I’m sure I don’t have to tell you how serious it is that even Fox News, the largest and loudest cheerleaders of American invasions, can’t seem to find even a quarter of people in favour of continuing the conflict.
However, in addition to looking more and more like a desperate ploy to energise the Democratic party base come polling day, Obama’s touted withdrawal plan has a lot wrong with it. At several points in his speech, he states the war in Afghanistan will end this war. Not only is that not the aim of his plan, but even if it were, he’s overlooking something very important. America and its NATO allies do not have the power to end this war. The most they can do is end their direct and overt involvement in the conflict. The Afghan conflict is a civil war that outside involvement has escalated to the point it has regional implications. The only people who can stop this war are the Afghans – all factions including government forces, the Taliban and other insurgent groups and, the ordinary long suffering civilian population. Either they find a settlement between them or one group may gain the advantage and destroy the other(s). America for all its wealth and technology can do nothing to change that fact.
The West’s war in Afghanistan is frequently compared to the Soviet Union’s war in Afghanistan, for obvious and usually valid reasons. The location is the same, as are some of the “toys” and tactics being used. Both sides have similarities with the combatants before them, both conflicts involved a mechanised superpower with a global vision and ideology it believed should be exported. Their opponents where an indigenous collection of tribes and Islamists, relying on the support and kindness of their neighbours for shelter and supplies.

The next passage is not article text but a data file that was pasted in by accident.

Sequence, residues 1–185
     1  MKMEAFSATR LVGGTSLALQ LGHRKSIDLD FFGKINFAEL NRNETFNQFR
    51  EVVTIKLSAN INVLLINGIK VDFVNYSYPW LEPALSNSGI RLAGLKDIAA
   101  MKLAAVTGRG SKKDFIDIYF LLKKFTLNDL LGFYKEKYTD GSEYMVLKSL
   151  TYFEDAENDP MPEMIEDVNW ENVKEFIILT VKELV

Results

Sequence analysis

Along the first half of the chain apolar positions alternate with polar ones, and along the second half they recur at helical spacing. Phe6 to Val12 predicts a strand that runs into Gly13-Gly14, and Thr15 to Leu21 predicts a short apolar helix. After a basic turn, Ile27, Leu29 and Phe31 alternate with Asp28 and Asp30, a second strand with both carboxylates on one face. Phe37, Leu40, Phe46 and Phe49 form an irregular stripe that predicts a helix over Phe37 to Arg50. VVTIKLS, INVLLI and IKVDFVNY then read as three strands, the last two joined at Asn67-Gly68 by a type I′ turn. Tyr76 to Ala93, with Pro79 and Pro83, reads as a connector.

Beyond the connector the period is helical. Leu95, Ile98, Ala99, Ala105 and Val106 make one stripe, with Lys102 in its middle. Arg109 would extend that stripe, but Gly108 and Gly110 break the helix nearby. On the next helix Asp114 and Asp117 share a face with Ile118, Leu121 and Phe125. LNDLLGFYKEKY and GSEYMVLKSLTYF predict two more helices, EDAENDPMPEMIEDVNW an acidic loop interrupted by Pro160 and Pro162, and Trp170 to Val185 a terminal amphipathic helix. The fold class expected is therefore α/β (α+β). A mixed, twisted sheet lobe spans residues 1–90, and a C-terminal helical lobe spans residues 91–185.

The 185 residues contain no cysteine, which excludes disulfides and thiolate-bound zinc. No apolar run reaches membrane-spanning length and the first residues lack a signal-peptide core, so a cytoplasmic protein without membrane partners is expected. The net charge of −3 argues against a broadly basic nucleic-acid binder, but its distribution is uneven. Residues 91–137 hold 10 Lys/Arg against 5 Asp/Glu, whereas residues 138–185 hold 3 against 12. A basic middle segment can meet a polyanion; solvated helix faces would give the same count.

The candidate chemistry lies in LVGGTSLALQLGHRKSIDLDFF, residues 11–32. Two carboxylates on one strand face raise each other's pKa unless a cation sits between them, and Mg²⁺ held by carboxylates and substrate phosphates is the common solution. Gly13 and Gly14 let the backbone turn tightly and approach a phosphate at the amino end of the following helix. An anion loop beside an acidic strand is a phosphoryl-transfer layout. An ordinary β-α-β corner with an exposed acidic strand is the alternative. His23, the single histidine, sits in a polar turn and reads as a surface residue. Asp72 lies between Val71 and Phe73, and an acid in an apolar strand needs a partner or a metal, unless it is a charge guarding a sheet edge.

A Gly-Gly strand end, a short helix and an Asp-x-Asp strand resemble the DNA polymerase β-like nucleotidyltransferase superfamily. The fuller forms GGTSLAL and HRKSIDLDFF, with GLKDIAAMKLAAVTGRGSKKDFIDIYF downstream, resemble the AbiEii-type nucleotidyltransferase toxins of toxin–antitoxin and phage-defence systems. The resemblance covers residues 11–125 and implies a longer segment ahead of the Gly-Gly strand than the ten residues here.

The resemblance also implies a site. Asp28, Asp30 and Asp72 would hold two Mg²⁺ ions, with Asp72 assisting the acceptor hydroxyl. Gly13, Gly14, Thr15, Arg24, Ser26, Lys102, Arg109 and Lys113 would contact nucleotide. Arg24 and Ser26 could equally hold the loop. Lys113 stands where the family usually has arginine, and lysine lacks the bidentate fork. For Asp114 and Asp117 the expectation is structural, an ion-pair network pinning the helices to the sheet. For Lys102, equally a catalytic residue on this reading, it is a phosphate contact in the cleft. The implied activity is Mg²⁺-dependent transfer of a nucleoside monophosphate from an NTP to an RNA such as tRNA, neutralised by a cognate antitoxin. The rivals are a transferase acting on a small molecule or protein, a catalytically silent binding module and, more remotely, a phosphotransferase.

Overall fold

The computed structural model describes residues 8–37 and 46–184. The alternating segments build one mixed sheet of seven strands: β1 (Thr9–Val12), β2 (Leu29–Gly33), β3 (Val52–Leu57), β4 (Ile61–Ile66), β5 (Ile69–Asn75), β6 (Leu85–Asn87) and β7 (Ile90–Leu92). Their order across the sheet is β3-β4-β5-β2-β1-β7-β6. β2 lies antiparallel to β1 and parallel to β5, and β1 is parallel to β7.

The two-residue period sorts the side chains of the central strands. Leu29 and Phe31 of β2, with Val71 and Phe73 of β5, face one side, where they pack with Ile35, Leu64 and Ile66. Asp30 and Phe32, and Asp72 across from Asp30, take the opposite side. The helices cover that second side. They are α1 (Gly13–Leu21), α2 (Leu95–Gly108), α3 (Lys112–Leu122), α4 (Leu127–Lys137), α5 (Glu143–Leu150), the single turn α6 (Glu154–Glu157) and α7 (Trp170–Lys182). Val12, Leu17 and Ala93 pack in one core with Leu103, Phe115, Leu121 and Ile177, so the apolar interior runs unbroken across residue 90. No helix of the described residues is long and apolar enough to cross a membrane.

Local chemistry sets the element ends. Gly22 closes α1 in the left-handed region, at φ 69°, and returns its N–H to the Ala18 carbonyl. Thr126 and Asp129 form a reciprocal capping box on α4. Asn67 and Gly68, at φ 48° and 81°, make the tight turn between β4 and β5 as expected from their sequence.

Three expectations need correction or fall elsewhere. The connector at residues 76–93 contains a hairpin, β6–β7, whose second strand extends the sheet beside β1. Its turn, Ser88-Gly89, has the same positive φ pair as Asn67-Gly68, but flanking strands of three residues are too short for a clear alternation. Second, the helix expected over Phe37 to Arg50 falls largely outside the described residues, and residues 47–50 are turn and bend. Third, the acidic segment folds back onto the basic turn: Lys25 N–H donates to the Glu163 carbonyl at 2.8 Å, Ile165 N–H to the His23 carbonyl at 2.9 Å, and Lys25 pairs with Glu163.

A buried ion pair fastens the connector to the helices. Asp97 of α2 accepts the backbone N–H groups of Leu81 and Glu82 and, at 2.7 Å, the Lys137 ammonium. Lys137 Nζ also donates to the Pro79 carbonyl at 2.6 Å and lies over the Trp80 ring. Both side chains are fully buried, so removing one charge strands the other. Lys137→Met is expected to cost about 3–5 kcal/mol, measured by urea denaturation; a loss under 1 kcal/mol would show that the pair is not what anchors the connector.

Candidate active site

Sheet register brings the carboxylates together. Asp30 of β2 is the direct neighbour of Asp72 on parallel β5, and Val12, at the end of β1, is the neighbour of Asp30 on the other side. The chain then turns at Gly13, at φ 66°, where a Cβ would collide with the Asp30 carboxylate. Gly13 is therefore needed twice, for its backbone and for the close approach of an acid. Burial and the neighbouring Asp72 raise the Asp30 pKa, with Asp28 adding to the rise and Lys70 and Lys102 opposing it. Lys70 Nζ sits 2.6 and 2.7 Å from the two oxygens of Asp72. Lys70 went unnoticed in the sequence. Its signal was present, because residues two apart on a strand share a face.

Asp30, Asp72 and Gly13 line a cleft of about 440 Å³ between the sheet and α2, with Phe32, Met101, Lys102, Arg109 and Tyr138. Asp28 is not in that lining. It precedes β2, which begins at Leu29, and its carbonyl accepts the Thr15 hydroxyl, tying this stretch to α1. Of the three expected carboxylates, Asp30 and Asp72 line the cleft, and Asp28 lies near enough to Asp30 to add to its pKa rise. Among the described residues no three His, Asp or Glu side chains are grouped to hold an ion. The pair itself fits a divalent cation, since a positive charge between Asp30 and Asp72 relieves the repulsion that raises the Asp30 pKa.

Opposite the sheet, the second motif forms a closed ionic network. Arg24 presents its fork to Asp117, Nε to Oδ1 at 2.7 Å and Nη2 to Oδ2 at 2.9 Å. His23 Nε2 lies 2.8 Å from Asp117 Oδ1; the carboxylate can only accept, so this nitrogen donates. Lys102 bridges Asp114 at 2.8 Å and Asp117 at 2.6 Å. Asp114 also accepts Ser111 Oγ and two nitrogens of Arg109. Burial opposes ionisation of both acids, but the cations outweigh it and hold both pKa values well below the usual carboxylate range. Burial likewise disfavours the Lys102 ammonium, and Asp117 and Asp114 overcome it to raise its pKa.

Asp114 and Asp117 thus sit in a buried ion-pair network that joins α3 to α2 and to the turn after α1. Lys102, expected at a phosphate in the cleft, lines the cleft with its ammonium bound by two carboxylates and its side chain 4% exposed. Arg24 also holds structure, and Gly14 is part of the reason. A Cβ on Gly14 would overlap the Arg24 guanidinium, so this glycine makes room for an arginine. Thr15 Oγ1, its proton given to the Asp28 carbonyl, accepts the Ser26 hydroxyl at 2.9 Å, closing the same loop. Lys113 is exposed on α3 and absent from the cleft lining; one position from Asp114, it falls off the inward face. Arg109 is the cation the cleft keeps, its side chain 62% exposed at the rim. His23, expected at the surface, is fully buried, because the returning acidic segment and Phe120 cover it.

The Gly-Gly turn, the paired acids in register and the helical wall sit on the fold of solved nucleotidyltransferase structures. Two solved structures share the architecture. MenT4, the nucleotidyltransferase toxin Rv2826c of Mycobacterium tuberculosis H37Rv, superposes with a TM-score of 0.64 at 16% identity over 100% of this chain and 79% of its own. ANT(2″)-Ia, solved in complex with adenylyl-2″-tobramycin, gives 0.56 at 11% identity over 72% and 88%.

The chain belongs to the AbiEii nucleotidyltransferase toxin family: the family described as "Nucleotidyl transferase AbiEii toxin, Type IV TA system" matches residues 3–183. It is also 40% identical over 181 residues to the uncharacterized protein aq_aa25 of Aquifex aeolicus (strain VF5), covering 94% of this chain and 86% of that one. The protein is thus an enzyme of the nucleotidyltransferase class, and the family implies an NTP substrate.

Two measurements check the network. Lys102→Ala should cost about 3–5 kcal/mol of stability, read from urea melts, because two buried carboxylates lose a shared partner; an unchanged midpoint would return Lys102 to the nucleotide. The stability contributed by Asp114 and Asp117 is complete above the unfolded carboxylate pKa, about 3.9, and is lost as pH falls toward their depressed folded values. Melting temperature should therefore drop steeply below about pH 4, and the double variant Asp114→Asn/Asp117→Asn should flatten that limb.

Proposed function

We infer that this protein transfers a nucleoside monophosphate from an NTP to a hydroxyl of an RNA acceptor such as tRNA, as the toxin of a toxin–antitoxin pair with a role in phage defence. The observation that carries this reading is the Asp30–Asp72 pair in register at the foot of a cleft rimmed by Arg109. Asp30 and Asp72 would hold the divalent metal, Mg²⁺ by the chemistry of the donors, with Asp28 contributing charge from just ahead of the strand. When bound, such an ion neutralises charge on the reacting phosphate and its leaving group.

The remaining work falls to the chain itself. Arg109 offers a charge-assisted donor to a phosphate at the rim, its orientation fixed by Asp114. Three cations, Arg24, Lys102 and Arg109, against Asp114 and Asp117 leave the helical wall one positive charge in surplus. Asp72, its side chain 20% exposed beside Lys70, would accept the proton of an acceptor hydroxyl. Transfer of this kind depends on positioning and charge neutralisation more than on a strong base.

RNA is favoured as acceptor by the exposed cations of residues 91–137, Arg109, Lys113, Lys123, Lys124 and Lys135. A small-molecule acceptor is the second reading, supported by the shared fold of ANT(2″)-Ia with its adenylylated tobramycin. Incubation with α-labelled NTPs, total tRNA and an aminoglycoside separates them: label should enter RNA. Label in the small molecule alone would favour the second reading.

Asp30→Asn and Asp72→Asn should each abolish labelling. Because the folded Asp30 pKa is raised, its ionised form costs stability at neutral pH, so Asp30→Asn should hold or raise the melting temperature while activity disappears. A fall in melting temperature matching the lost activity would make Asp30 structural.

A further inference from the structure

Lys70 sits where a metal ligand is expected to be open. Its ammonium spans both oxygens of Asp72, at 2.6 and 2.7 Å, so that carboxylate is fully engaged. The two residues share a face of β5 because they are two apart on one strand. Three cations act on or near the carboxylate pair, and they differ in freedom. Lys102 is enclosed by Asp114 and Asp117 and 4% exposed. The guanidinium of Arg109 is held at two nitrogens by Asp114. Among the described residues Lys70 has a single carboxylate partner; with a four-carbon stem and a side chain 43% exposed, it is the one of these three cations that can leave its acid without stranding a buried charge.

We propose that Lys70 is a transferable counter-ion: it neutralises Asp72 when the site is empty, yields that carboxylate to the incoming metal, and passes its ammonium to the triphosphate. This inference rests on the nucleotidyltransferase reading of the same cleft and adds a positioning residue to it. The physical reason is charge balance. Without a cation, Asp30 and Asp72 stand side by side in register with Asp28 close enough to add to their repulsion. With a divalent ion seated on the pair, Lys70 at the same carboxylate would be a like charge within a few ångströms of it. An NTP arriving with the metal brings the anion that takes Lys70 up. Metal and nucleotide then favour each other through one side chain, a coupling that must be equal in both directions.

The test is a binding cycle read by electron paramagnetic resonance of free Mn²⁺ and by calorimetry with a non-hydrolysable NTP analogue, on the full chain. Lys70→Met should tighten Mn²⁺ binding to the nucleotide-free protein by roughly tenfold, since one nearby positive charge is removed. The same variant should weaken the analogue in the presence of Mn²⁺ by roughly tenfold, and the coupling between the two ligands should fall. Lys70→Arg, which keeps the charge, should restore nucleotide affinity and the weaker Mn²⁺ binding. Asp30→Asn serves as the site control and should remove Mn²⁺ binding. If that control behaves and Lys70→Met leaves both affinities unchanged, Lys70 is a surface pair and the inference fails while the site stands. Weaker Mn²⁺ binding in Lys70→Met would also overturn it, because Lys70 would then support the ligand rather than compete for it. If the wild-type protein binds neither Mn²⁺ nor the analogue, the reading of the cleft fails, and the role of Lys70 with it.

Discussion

What we are likely to see in the coming days and months is going to feel comparable to the Soviet Union’s final strategy. In 1989,, Gorbachev pulled Soviet forces out of Afghanistan. However, he did keep military aid, such as air strikes and covert operations and financial assistance, at levels of between $3-4 billion per year. Oddly enough, the People’s Democratic Party of Afghanistan (PDPA), by then the only thing holding the Democratic Republic of Afghanistan (DRA) together, was able to regroup and then counter attack the Mujahedeen and reclaim some territory. What we’ll see if the Taliban don’t immediately go for a cease-fire and negotiation process will be similar to this brief period, only with more direct support from the “advisors” left behind to make sure the Afghan army does what it’s told. In fact, even if the Taliban do stand down , there are many other armed groups currently ambushing checkpoints and patrols, like the Haqqani network (estimated strength 4,000-15,000), or the “Movement for the Enforcement of Islamic Law” which some have estimated to have nearly 100,000 members in both Afghanistan and Pakistan. There’s even a Maoist party (5) operating trying to start a “People’s war” and I very much doubt they’ll care what about the state of the relationship between Kabul and the Taliban. Yet these groups often get overlooked or lumped in with the Taliban, no doubt greatly annoying the leaders of these bands of hardy rebels.